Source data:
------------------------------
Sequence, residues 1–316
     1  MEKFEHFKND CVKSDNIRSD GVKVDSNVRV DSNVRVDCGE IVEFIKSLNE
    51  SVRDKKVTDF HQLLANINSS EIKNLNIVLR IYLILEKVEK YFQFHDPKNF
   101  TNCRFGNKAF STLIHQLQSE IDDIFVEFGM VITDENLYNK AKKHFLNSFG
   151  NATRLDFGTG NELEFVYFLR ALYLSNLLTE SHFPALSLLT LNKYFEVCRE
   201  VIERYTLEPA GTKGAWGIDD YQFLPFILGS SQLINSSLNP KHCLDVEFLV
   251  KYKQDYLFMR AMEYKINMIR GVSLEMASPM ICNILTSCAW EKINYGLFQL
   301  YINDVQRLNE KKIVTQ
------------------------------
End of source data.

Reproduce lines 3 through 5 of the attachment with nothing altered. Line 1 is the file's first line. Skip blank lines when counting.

    51  SVRDKKVTDF HQLLANINSS EIKNLNIVLR IYLILEKVEK YFQFHDPKNF
   101  TNCRFGNKAF STLIHQLQSE IDDIFVEFGM VITDENLYNK AKKHFLNSFG
   151  NATRLDFGTG NELEFVYFLR ALYLSNLLTE SHFPALSLLT LNKYFEVCRE